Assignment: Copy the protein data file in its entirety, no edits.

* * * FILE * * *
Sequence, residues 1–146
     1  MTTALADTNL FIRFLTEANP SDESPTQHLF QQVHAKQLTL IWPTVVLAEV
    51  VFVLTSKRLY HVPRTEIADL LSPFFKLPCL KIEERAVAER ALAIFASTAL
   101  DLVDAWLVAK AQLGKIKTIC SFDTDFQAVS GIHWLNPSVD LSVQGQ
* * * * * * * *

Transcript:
Sequence, residues 1–146
     1  MTTALADTNL FIRFLTEANP SDESPTQHLF QQVHAKQLTL IWPTVVLAEV
    51  VFVLTSKRLY HVPRTEIADL LSPFFKLPCL KIEERAVAER ALAIFASTAL
   101  DLVDAWLVAK AQLGKIKTIC SFDTDFQAVS GIHWLNPSVD LSVQGQ